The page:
Better to have access to investor relations... or not?
I don't own any of this stock, nor do I even rate Nautilus in CAPS; however, I love this article by MarketWatch (quoted from a WSJ article). Pretty cool behind the scenes on why CAPS may be better at providing objective insights than Wall Street analysts. Main point can be summarized in the last paragraph of this article below:
Nautilus muscles out analyst
08:23 a.m. 07/16/2007 By Herb Greenberg Provided byCommentary: Says company hasn't talked him since 'sell' rating
(MarketWatch) -- Stock analysts have long been criticized for issuing very few "sell" recommendations on stocks they cover. If you want to know why they still often are reluctant to be publicly negative, spend a few minutes with Eric Wold, analyst at the San Francisco investment-banking boutique Merriman Curhan Ford & Co. His reward for slapping a sell rating on Nautilus Inc.?
He says the company won't return his phone calls anymore.It wasn't always that way at least not while he was an enthusiastic cheerleader for the Vancouver, Wash., company, best known for its Bowflex exercise machine."They haven't talked to me in over a year," says Wold, who in 2004 was ranked as the No. 2 restaurant-industry analyst by The Wall Street Journal. "They won't return my phone calls or e-mails." Over the past five quarters, he says, he has been allowed to ask a question just once on the quarterly conference calls executives hold with analysts to discuss results.
Their lack of response, he says, appears directly related to the increasingly critical nature of his reports, which culminated in June 2006 with his downgrade to a sell "on heightened concerns" over a variety of issues. That was one month after Wold wrote that he was "unconvinced" the company, which had a series of missteps and disappointments, "has turned the corner."
Wold began his coverage of Nautilus (NLS) in April 2002 with a "buy" recommendation. The stock a month later peaked at about $46. At the time, most of the company's products, especially Bowflex, were promoted in television infomercials and sold directly to consumers. Even as the stock was peaking, management began telling investors Bowflex is "a little harder to read on the demand side."Still, Wold remained a fan, even though the shares eventually lost more than half their value amid weakening sales and earnings growth.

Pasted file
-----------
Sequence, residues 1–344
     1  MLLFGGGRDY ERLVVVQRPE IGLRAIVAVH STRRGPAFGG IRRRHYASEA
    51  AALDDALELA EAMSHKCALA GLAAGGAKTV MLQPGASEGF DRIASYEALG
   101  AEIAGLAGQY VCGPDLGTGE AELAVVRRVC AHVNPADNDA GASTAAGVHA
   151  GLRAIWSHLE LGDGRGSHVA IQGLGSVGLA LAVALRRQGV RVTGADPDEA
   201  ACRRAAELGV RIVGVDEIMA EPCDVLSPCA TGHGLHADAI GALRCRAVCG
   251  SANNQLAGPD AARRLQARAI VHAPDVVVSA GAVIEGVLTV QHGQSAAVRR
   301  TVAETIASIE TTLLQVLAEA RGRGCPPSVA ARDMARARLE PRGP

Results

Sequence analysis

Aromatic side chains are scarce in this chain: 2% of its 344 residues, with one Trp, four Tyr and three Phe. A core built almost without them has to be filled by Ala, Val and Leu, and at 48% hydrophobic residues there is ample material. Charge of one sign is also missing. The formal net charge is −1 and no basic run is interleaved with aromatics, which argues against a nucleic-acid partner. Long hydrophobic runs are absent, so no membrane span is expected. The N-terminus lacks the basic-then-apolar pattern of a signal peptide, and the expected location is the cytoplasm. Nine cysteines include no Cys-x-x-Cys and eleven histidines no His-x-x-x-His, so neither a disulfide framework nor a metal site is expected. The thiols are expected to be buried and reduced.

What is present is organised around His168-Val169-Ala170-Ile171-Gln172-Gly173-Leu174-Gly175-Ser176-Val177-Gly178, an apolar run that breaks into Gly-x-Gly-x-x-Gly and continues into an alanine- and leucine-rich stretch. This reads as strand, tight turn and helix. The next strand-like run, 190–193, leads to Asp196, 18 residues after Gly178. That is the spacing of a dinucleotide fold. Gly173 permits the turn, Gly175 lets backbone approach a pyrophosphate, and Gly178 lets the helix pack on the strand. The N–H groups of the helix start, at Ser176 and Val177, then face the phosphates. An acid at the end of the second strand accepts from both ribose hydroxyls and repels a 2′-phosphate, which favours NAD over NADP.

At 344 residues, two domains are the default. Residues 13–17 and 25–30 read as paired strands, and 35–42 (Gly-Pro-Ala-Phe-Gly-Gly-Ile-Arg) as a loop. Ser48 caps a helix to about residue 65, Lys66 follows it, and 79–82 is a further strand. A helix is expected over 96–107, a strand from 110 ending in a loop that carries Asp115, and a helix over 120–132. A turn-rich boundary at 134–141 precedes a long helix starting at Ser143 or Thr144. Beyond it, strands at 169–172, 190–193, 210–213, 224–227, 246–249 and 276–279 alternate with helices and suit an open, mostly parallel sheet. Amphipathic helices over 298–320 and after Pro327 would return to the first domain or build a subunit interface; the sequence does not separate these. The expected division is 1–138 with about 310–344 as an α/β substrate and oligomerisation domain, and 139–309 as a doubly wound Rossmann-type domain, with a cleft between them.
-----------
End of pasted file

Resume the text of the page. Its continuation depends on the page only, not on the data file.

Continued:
Things started looking up in July 2003, when Gregg Hammann was hired as chief executive, succeeding longtime boss Brian Cook. Hammann, with a background that included stints at Procter & Gamble Co. (PG), Coca-Cola Co. (KO) and Levi Strauss & Co., shifted the company away from its direct-sales model to also selling products through retailers. On Jan. 30, 2004, as the stock showed signs of recovery, Wold wrote that, "with the hiring of Greg Hammann as CEO...and an enhanced focus on the retail channel ... we believe the company is setting the stage for improved sales trends" by year end.At first, Wold says, the retail strategy helped reinvigorate sales.
By early 2006, sales growth had started to stumble. Wold says it was then he realized the new strategy was "cannibalizing existing sales and shifting sales from high-margin channels to low-margin channels."As the quarters rolled on, and the company stopped responding to his inquiries, the tone of Wold's reports became more ominous. He red-flagged such things as undershooting on earnings forecasts, increased competition and retail checks that showed "Bowflex sales down to zero in some stores."
Two weeks ago, Tim Hawkins, president of the Nautilus Fitness Equipment Business, departed. That was a "significant blow to the company's ongoing turnaround efforts," Wold wrote.Ron Arp, Nautilus's senior vice president of corporate communications, says the analyst "is entitled to his opinion." Arp also says it is "not true" that the company won't talk to Wold. "We've assigned a person at an investor-relations firm to arrange or respond to any appointments or calls and to assure that multiple people can be on the line and there would be no questions about our accessibility." He adds that Wold "turned down an opportunity to spend some time with management in the first quarter to compare our points of view."
"That is hilarious," Wold responds. "I would jump at the chance to meet or speak with them, but they will never give me the chance." He says he did get that invitation, after he had briefly upgraded the stock to "neutral." After an earnings conference call the next month, he again chopped his rating to a sell. After that, he says, he asked the company's external investor-relations representative if the offer still stood. "He said they pulled the offer," Wold says. Nautilus's stock was about $18 at the time. As of 4 p.m. composite trading on the New York Stock Exchange Friday, the stock was at $12, up 17 cents, reflecting continued flabby performance.
In looking back, the lack of access forced Wold to rely only on publicly disclosed numbers and outside resources for his analysis, and in doing so he got it right. Maybe that is the moral of this story: Let the numbers do the talking, not the company.